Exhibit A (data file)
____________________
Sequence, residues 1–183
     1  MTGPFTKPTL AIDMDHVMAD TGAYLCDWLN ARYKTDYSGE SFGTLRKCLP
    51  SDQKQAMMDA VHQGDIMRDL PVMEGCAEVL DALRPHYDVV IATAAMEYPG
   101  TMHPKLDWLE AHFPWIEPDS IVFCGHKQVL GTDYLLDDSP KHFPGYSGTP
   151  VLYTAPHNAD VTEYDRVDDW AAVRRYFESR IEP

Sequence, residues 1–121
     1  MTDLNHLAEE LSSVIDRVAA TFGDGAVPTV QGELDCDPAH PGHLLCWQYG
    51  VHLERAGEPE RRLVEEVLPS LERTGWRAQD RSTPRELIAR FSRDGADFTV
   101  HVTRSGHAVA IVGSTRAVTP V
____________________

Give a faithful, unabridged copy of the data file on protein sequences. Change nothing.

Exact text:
Sequence, residues 1–183
     1  MTGPFTKPTL AIDMDHVMAD TGAYLCDWLN ARYKTDYSGE SFGTLRKCLP
    51  SDQKQAMMDA VHQGDIMRDL PVMEGCAEVL DALRPHYDVV IATAAMEYPG
   101  TMHPKLDWLE AHFPWIEPDS IVFCGHKQVL GTDYLLDDSP KHFPGYSGTP
   151  VLYTAPHNAD VTEYDRVDDW AAVRRYFESR IEP

Sequence, residues 1–121
     1  MTDLNHLAEE LSSVIDRVAA TFGDGAVPTV QGELDCDPAH PGHLLCWQYG
    51  VHLERAGEPE RRLVEEVLPS LERTGWRAQD RSTPRELIAR FSRDGADFTV
   101  HVTRSGHAVA IVGSTRAVTP V